Maui, Hawaii

Tag: upcountry

Missing Person Amanda Eller

If you are on Maui, you will have seen some of the hundreds if not thousands of missing person posters. Local physiotherapist and yoga instructor Amanda Eller went missing on May 8th, eleven days ago. Police found her car the next day at the popular Makawao Forest Reserve. Since then family and friends have mounted a large search and rescue operation. For much more information and daily posts by the search and rescue volunteers, check out the facebook page FindAmanda.

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Makawao Forest Reserve is a popular hiking, off-road biking and horseback riding area in upper Makawao with a series of trails, gorges and pools. It is a large area. From what I gather volunteers have been systematically searching the area. Unfortunately Amanda’s phone was discovered in her parked car. If you read through the many comments on the posts on the FindAmanda site, you will see that there are several theories in what may have happened. Officially police have not released any information indicating that there may be foul play involved. If you want to help, check out the FindAmanda page – they are looking for volunteers to help in their efforts, and also food donations for the volunteers searching.

Praying that Amanda is found – very soon!

Missing Persons on Maui

Ironically the Missing Person wall on the weird building at the World War II era airport site along the highway was painted over a few months ago. For as long as I can remember, this building has always been covered in graffiti. About two years ago or so, someone painted it black and then covered it with the names of Maui’s missing persons. In recent years two missing persons cases really stick out, Moreira (Mo) Monsalve and pregnant Charli Scott who went missing months apart from eachother in 2014. Heart-breakingly Mo is still missing. Charli’s jaw bone was found and her ex-boyfriend convicted of a horrible crime.

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I just love those purple jacaranda trees!

If you’ve driven upcountry Maui, you probably will know what I’m referring to: those beautiful purple flowering jacaranda trees.

Jacaranda trees are actually not endemic to Hawaii but are native to South America. If you go for an upcountry drive, they are just starting to bloom. They are so beautiful.

Maui’s only paint party place, Island Art Party, is located here in Azeka Shopping Center in Kihei. Yesterday’s paint theme was ‘upcountry drive’ which included some of the beautiful purple blooms. I’ve been eyeing up this painting for some time now and lucky me, my friend suggested we go painting.

If you’ve never gone to one of these paint parties, no worries. It is a fun social event, where they give you step by step instructions on how to paint the painting (everyone paints the same thing). Worst case, you throw out the painting when you’re done. Best case, you have an amazing souvenir of your stay on Maui.

Here are a few pictures of my painting. I’m about 90% happy with it. But I had a fantastic evening!

Do check out their website for their event calendar. Island Art Party has new owners and is currently waiting for their liquor license (no alcoholic beverages available at this time). They are hoping it’s a matter of weeks. On the walls and unused tables you can admire upcoming art projects.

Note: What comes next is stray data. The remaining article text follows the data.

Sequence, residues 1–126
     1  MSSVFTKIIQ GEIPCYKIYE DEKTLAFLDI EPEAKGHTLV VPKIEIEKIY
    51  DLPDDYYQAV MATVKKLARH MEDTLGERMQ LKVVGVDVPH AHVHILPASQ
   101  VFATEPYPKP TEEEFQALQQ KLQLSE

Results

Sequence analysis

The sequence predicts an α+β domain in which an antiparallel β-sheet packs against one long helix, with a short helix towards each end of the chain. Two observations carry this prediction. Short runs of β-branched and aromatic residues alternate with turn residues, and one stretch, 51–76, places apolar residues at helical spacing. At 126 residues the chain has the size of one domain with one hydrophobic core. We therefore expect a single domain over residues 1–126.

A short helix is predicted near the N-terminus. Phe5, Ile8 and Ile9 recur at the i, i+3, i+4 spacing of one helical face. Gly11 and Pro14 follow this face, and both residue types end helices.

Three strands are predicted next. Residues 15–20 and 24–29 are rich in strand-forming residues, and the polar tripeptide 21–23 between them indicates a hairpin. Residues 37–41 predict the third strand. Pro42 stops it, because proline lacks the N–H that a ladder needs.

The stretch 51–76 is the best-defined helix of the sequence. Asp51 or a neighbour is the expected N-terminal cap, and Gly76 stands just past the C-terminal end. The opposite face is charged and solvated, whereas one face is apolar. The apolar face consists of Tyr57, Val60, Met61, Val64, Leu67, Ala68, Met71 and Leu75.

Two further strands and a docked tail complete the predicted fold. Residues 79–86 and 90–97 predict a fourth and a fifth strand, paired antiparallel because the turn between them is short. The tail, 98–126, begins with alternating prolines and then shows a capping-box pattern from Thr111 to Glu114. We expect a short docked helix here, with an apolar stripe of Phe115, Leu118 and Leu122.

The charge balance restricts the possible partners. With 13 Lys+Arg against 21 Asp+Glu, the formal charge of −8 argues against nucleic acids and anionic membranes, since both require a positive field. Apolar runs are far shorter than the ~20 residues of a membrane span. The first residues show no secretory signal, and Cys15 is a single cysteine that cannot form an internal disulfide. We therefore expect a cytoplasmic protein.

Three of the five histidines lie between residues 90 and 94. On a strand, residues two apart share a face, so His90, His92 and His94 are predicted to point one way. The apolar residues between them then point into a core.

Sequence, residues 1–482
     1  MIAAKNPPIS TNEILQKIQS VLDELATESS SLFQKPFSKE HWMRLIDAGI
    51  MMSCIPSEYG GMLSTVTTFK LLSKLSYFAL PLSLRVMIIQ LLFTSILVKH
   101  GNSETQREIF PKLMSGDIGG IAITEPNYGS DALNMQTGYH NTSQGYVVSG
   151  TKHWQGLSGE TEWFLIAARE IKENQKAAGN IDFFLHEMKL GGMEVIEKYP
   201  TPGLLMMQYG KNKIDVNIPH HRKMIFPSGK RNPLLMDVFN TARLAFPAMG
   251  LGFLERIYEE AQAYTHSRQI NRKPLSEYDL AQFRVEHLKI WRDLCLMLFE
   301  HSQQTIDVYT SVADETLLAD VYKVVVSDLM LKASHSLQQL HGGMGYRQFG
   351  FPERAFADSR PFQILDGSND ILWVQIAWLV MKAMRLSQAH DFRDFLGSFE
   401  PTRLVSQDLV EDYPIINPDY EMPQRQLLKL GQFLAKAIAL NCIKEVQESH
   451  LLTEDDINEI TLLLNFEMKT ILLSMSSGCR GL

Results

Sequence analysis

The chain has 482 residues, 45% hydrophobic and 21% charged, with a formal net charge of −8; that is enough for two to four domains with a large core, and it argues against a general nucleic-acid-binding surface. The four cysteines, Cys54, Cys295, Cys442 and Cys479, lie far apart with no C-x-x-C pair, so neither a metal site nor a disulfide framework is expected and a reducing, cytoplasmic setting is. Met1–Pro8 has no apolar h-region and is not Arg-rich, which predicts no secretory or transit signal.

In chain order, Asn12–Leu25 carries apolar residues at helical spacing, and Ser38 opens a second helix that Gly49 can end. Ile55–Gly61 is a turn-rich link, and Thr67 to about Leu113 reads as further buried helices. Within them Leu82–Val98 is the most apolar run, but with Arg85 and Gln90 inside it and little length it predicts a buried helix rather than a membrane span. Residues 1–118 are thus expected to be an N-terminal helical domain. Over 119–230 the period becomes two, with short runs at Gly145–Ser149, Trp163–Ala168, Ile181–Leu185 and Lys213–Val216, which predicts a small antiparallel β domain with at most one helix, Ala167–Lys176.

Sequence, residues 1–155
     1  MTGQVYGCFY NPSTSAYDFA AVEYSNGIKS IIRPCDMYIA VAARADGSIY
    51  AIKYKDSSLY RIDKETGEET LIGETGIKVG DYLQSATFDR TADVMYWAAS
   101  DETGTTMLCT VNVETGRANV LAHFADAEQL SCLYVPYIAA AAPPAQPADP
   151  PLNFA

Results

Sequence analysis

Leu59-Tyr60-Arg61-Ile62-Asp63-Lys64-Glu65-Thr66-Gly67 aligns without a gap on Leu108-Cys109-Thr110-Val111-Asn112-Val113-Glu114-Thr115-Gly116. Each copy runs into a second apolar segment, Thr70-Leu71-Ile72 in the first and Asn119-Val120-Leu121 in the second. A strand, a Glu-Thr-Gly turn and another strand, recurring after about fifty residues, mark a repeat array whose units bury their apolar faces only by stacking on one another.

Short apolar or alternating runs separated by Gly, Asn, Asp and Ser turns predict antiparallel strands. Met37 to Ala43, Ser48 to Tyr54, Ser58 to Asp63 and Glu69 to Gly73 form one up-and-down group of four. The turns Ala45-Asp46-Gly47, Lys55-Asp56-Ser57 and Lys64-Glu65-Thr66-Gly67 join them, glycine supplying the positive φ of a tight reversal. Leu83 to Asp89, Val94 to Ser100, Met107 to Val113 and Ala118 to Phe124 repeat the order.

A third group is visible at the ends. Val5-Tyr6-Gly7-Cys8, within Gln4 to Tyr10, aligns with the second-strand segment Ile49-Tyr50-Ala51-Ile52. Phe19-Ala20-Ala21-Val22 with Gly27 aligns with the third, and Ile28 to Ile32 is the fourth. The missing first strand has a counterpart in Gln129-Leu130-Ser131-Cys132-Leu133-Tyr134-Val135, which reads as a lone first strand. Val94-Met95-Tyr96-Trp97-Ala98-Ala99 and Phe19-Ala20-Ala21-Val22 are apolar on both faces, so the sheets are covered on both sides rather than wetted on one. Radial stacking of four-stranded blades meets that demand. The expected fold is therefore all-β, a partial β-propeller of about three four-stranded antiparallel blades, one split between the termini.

Island Art Party
Upcoming art projects – isn’t that sunset sail one (3rd from right on bottom) amazing?

Seabury Craft Fair

If you are on Maui around Mother’s Day, do check out Seabury Hall’s annual Craft Fair on Saturday, May 11th (the day before Mother’s Day). It’s a fantastic craft fair with juried crafts, a wonderful food section, kids games etc. But in my opinion the best thing about this craft fair – it’s the setting: beautiful bicoastal views, white tents under purple blooming jacaranda trees on a beautiful college prep campus. Don’t miss it! Parking across the road at the rodeo grounds is free, admission is $5.

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Waihou Spring Hike

Last weekend we went on a family hike. One of my favorite hikes on Maui is the Waihou Spring Trail in Olinda. I should qualify, usually we just do the 1 mile loop in the pine forest and call it a day. It’s an easy stroll and generally not busy at all. There is an off-shoot from the loop leading to the Waihou Spring Trail which we always walk down. But – there’s always a but – then you get to a danger sign, warning you of certain death.

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The experimental pine forest

The thing about hiking upcountry Maui is that it very often rains up there, so the switchback trail to the springs is often wet. This past Sunday however it was dry. Add to that, we had family along that are generally more adventurous than we are, so we thought – well, why not. Down a series of switchbacks we carefully walked to the bottom of the gorge where we found a sweet waterfall with caves behind it. And a rooster. Don’t ask me what the rooster was doing in the middle of nowhere at the bottom of the gorge. I didn’t see any chickens around. I can only presume he got lost, or accidentally went down there. Who knows. The hike out of the gorge was steep, but we all made it back out and lived to tell the tale! I would not recommend this hike if it’s wet.

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You’ve been warned – I would not go down this trail unless it’s completely dry. It’s a steep one.

Where is the Waihou Spring Trail

This trail is located upcountry Maui. To get there, drive up to Makawao. Turn right onto Baldwin and just follow the road up the mountain. The road will get narrower and narrower. Slow down, take your time and enjoy the views and watch for traffic. Eventually you pass the Maui Bird Conservation Center (to your left) and enter into a pine forest. You will shortly see parking on the right side. It will take you about an hour to get here from Kihei.

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the waterfall at Waihou Spring
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It’s Winter!

For the past few weeks we’ve been hearing about winter stories on the US mainland and Canada. My cousin in Edmonton looked up the temperature in Antarctica and told me Edmonton had matching temperatures the other day (one day I would love to go on a cruise to Antarctica – not for the temperature, but just to SEE it, even just from a distance).